Today, we recognize that our battle includes an analysis of gender,class, and imperialism in addition to race, and that oppression is more sophisticated today then when Malcolm lived. The problems we face today can’t be solved simply by “excluding the white man” for we now know that we cannot determine a person’s politics simply using the rubric of race. We have people of color (i.e.Ward Connerly, Larry Elder) whose thinking and behavior join them with the enemy, and whites (i.e. Tim Wise) who are progressive and serious about social change. Yet, Malcolm’s words concerning the formation of a Black united front remain relevant. We can delude ourselves into thinking we will win this war with unilateral leadership, cults, or an organization of identical thinkers and activists. But how practical is this approach in a Black community composed of feminists, socialists, nationalists, religious and non-religious people? How do we win a battle with less than one half of 1% of our people represented and participating?
The days of believing only one organization, idea, or method would save us are dead and gone. That approach only heightens our division, helps the enemy conquer us, promotes rivalry/fratricide and leads to disjointed and disconnected efforts (Study the forces that weakened Garvey’s brilliant movement). What we need is a Black organization that works with other organizations to get things done, rather than arguing among ourselves over differences and accomplishing nothing.
The key words for today are collaboration and grassroots organizing. How is it possible to organize people with such a diversity of beliefs? Just as Malcolm noted, by identifying points of common interest and working together around them. All of our people need to eat, earn income, have shelter, healthcare, legal representation if necessary, adequate education/training, and be protected from brutality and discriminatory practices, right? So we form organizations and work with existing organizations to address these issues, bringing all of our diverse ideas, methods, talents, and resources to the table. This idea of a united front is neither new or abstract. We have tangible precedents for this in the Bandung Conference, the African Union, and the National Black United Front. When we organize in this manner, a strange thing happens. We begin to form relationships and mutual respect for each other despite our differences, and we have multiple resources and people on our team!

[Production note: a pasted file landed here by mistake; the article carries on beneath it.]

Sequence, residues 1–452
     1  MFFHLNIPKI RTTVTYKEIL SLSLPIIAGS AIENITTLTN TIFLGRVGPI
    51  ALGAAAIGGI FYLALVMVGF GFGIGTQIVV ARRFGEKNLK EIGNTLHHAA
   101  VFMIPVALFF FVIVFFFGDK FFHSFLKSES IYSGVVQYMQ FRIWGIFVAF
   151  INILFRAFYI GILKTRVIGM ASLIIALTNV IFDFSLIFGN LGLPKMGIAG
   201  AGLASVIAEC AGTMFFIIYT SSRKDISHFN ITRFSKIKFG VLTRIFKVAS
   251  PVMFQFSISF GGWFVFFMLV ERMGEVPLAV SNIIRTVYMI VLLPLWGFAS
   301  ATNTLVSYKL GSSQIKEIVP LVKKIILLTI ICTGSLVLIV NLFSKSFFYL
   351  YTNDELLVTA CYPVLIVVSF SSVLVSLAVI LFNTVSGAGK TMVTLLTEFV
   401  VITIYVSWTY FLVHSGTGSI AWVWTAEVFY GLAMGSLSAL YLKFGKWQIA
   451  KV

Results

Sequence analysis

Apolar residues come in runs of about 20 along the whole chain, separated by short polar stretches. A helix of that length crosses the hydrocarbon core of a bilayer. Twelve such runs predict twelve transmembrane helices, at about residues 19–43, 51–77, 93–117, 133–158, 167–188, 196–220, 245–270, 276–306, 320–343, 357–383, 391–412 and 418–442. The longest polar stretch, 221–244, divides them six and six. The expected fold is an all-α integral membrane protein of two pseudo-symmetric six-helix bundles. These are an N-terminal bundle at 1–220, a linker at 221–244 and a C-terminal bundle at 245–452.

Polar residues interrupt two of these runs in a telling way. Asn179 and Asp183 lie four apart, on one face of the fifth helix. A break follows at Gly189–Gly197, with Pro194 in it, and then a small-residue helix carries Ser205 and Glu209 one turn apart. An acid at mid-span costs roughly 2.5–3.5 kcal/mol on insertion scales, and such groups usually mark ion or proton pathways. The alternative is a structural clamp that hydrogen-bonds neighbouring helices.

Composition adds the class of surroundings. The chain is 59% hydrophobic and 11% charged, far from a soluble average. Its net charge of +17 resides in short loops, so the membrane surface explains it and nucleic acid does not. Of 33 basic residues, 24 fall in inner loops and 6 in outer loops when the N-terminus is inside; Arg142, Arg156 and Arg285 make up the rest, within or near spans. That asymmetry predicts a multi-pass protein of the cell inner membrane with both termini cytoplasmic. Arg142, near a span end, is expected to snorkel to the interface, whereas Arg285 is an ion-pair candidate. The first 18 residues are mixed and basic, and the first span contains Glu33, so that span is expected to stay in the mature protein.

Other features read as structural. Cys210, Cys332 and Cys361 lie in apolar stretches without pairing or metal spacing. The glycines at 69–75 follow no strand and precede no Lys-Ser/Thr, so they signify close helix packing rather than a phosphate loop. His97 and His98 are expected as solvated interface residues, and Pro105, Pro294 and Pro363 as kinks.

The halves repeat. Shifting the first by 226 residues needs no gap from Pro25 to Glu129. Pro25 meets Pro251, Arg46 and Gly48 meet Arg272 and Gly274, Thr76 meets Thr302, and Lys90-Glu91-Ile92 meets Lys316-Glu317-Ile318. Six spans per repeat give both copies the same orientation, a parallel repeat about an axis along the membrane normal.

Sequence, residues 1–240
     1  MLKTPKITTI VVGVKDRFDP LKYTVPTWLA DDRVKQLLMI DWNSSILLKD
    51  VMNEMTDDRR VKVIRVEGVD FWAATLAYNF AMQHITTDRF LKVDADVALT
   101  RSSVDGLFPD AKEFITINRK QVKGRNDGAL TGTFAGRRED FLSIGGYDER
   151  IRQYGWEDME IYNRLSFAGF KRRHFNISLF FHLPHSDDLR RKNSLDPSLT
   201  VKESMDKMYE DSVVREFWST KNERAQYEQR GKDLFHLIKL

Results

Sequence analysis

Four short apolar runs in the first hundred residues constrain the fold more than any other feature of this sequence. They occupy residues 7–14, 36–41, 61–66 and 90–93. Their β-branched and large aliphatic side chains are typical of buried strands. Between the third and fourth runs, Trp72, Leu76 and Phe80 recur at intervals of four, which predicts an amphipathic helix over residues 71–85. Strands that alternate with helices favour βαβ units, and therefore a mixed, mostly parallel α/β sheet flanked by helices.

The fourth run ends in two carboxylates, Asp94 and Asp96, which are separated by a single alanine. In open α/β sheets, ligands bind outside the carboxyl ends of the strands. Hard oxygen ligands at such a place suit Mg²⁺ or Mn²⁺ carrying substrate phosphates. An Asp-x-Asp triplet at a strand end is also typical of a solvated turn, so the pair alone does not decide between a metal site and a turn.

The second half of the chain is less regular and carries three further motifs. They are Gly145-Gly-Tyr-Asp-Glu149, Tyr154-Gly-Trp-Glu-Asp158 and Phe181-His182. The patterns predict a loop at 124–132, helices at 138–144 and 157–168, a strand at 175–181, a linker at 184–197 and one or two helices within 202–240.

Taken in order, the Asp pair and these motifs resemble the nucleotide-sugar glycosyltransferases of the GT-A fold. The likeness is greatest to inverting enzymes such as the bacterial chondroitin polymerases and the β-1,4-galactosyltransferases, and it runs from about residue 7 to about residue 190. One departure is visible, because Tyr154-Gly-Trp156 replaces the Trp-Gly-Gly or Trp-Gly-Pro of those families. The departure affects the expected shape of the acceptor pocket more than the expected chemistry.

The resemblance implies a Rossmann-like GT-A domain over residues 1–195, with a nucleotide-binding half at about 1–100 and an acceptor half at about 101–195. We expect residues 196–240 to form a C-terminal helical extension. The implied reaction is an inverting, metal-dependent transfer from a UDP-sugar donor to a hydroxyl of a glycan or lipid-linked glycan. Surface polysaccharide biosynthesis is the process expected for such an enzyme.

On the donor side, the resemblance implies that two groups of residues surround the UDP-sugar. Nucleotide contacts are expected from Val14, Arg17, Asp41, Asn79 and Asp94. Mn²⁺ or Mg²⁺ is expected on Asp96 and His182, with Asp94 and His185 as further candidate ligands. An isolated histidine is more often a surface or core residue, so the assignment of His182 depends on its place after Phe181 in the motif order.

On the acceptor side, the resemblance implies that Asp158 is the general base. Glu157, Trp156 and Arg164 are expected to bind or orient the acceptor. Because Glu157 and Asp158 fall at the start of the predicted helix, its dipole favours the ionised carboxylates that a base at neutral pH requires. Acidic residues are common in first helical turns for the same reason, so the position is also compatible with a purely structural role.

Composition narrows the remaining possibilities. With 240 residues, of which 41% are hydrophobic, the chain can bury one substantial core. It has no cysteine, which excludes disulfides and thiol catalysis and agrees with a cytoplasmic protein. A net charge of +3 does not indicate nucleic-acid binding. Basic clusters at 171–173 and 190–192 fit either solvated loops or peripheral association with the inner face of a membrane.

I am working with other progressive-minded Black folks to create this type of national organization as you read this. We must resist the propaganda that Black folks can’t organize or that all of us must believe the same thing. Aren’t you tired of complaining about the issues, fighting over petty distinctions and continuing to suffer? Don’t you believe in our right to be free and empowered and our need to work together to make this happen? The doors of self-reliance, collaborative leadership, and social justice/political empowerment are open. Who will come?
Agyei Tyehimba is a former NYC public schoolteacher, co-founder of KAPPA Middle School 215 in the Bronx, NY, and co-author of the Essence Bestselling book, Game Over: The Rise and Transformation of a Harlem Hustler, published in 2007 by Simon & Schuster. Agyei has appeared on C-Span, NY1 News, and most recently on the A&E documentary, “The Mayor of Harlem: Alberto ‘Alpo’ Martinez.” Mr. Tyehimba is a professional consultant and public speaker providing political advice and direction for Black college student organizations, community activist groups, and nonprofit organizations. If you are interested in bringing Agyei to speak or provide consultation for your organization, please contact him at firstname.lastname@example.org.